I am ill, hence the hilarious and ever so clever Dollop title. Ill, as in the medical sense of the word, rather than the more positive, urban, street, bad-ass way, although, let’s be honest, I tick that box as well. Just to make sure I haven’t confused things even more here with my attempts of clarification, by bad-ass, that is also meant in the urban, street sense; I don’t have anything wrong with my ass. Sorry, I just thought I better clarify that when I said “I don’t have anything wrong with my ass,” I meant that I don’t have anything wrong with my backside, as opposed to referring to my donkey, who is, incidentally, now we’re on the subject, feeling a tad under the weather at the moment. I just thought I better explain that in case I’d managed to add further confusion in my attempts to offer further clarification about my first clarification. So just to be clear then: I am ill, in the medical sense rather than the urban, street, bad-ass sense, but my illness has nothing to do with my backside.
Sorry, I know that was a bit of a ridiculous opening paragraph, but in my defence, I am ill. Also in my defence, it’s very difficult to write today’s Dollop as the three of us are in The tiny Young’uns van, which is so cramped that I have to angle the laptop so that it’s side on with half of it on my lap and half on Michael’s lap. If I have the laptop straight then it blocks Sean’s access to the gear stick, and while I’d admit that you might be able to describe this as a car crash Dollop, at least it’s only figuratively so, whereas one false move with the laptop …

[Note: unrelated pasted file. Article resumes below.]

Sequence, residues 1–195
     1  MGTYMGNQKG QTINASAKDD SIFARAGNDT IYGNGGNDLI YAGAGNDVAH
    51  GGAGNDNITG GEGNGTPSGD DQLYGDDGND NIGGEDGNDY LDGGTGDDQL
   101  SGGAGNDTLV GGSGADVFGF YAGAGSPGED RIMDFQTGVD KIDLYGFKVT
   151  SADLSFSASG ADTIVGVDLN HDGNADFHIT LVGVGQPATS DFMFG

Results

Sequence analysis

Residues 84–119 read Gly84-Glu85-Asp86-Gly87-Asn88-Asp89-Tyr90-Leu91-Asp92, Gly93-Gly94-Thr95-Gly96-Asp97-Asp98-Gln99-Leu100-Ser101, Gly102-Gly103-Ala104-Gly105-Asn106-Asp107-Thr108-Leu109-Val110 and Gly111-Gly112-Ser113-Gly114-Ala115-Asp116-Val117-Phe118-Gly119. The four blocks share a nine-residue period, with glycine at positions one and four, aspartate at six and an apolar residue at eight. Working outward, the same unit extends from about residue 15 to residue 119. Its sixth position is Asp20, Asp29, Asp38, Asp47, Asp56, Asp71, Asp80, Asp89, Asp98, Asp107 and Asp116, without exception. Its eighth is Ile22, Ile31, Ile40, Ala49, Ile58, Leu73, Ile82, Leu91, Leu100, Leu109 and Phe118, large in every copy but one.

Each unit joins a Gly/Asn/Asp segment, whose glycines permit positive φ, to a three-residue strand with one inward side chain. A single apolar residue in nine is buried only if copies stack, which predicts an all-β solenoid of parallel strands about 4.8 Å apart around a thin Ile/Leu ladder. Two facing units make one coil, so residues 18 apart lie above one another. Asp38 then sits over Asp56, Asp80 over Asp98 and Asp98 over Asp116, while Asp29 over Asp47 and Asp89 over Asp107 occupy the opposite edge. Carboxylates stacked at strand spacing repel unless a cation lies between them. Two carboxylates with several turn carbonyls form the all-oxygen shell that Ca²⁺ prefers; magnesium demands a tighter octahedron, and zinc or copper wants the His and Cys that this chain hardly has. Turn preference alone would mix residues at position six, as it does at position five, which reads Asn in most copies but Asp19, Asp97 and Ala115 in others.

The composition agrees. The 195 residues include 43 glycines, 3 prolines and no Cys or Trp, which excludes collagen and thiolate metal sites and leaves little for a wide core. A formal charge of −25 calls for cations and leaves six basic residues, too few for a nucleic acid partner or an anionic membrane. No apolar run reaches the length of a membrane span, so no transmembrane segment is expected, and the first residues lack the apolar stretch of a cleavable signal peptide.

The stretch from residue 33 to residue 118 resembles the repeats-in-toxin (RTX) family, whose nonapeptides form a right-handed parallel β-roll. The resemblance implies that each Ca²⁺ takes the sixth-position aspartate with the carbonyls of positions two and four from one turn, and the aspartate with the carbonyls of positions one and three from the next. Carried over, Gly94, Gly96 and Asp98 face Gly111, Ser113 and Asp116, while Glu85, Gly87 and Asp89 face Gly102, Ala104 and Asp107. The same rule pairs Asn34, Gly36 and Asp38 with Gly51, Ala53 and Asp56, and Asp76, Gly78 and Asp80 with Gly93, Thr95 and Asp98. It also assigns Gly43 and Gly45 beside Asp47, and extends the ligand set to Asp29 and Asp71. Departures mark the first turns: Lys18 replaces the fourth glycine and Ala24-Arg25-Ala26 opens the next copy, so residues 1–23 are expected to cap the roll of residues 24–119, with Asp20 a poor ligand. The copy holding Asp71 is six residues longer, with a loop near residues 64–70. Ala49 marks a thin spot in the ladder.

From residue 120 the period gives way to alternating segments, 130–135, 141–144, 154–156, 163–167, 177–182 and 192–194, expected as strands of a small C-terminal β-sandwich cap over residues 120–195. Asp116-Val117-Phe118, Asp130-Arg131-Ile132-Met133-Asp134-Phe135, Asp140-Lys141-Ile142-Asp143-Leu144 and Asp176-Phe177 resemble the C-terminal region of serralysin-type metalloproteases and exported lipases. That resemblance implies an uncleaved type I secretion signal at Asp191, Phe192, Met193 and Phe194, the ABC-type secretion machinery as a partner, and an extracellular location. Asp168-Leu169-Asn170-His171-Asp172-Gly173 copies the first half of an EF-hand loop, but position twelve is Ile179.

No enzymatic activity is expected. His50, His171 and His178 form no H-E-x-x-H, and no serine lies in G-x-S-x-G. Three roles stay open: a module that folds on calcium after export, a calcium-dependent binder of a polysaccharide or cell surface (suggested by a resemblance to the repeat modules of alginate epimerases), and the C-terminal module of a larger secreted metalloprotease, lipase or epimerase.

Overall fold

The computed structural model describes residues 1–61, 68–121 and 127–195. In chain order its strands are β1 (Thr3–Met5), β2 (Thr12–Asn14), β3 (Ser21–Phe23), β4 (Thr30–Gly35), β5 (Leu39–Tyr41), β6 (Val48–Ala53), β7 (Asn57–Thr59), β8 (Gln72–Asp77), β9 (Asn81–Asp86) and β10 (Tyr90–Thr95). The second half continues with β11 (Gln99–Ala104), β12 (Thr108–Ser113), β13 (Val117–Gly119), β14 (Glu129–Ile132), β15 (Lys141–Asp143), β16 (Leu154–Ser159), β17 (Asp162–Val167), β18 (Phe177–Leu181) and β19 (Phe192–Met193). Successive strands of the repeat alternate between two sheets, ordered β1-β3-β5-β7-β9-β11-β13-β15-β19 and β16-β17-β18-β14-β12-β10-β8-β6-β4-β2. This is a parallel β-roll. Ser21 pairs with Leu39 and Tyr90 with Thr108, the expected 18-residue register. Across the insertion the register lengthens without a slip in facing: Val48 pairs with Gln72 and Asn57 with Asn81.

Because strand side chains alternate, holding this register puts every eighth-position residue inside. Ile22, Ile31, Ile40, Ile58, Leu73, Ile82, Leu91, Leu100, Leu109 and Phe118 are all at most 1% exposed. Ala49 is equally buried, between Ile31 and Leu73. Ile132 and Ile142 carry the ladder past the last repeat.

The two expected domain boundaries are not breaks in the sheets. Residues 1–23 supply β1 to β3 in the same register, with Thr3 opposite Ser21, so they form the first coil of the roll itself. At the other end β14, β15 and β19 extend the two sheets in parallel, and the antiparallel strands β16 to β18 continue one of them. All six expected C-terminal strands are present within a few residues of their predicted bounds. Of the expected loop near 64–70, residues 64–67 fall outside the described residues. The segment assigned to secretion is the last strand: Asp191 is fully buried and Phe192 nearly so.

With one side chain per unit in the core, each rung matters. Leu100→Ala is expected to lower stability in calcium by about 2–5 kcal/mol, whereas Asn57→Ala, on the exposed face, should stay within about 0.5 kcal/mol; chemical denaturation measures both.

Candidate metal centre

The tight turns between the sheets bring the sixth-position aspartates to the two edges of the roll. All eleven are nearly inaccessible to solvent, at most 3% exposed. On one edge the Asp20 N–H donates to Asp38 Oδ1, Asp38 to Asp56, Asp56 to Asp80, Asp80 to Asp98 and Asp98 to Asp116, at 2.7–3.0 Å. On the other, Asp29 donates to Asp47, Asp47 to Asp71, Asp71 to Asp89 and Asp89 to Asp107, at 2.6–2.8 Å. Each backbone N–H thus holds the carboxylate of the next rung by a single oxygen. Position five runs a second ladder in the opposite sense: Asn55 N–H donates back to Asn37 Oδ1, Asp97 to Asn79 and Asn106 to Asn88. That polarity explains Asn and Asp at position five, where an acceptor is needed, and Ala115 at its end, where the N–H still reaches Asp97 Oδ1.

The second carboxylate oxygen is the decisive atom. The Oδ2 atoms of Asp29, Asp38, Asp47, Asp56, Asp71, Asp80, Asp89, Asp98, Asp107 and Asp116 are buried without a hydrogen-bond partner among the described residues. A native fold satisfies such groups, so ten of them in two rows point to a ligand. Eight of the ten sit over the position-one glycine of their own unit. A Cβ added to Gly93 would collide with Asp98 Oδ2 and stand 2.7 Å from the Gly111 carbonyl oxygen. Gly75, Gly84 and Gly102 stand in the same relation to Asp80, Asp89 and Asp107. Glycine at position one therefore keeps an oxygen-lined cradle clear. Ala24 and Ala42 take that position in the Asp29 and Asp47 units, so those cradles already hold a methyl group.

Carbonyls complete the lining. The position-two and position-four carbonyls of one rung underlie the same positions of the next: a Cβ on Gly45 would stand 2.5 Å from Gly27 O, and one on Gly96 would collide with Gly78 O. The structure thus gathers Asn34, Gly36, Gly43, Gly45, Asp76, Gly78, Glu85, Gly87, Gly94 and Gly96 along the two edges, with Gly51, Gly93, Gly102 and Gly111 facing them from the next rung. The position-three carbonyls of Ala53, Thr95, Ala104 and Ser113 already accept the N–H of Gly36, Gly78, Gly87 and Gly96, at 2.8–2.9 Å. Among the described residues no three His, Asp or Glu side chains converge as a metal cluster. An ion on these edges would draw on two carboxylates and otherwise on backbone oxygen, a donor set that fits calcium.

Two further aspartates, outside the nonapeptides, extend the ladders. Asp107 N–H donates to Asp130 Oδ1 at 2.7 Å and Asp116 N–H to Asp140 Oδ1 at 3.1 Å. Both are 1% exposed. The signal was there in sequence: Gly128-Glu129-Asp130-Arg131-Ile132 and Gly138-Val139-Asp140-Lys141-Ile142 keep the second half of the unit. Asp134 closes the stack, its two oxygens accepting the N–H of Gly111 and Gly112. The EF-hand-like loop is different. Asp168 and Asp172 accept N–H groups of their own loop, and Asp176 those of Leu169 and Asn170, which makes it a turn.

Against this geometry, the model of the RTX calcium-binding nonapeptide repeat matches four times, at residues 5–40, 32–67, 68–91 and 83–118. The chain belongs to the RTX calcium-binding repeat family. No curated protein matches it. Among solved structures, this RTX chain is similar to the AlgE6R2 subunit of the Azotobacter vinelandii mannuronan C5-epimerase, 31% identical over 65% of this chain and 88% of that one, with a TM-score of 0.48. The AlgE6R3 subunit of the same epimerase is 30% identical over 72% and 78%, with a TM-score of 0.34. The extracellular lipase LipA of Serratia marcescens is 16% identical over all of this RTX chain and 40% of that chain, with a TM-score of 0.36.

Just imagine what would happen if we did have a fatal crash. The police would find my laptop perched on top of our dead bodies, and when they read what was on the screen, they’d find the first paragraph of today’s Dollop, and tears of great sorrow would well up in their eyes, as they considered what a tragic loss the literary and comedy world had just suffered.
Fortunately, I’m generally managing to keep the laptop away from any of the driving controls, although there have been a few near misses on the occasion that Michael coughs or sneezes, causing the precariously perched laptop to fly to the side and towards Sean. I hope you appreciate the kind of sacrifices I make for you with this project. These half-hearted, cobbled together semi-jokes about donkeys and backsides are being generated under life threatening conditions, so think on that before you judge.
We may have managed to stay alive, but I feel like death, as I have a massive cold, a really sore throat and a headache. There is no time to rest however and recover because we have been performing all day at Hartlepool Folk festival. After a whole day of events, we are now in the van heading to Burnley. We should arrive in Burnley at 1230. We then have to be up at 8 to start another five days of songwriting with school children.
Even though I’ve been feeling terrible all day, I seem to miraculously improve when it’s time to perform, and I get a massive adrenalin kick while I’m on stage, meaning that the pain completely disappears. This is very useful, but it means my body punishes me big time after each performance, and I am now feeling really shit. Fortunately the thought of spending a week in the company of hundreds of small children shouting “bum” and “poo” in my face is cheering me up no end, and is obviously a great medicinal tonic. Bloody hell, the thought is almost making me consider angling my laptop to the right slightly and bringing on the sweet release of death. Tune in tomorrow to find out what happens.